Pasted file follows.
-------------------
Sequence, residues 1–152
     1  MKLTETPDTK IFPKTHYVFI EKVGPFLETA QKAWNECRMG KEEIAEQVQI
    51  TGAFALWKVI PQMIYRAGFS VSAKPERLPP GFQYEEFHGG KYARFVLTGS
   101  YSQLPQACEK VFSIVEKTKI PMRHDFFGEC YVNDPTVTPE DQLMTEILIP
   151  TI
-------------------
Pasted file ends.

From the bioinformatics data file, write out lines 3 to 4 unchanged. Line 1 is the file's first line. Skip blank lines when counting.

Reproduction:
    51  TGAFALWKVI PQMIYRAGFS VSAKPERLPP GFQYEEFHGG KYARFVLTGS
   101  YSQLPQACEK VFSIVEKTKI PMRHDFFGEC YVNDPTVTPE DQLMTEILIP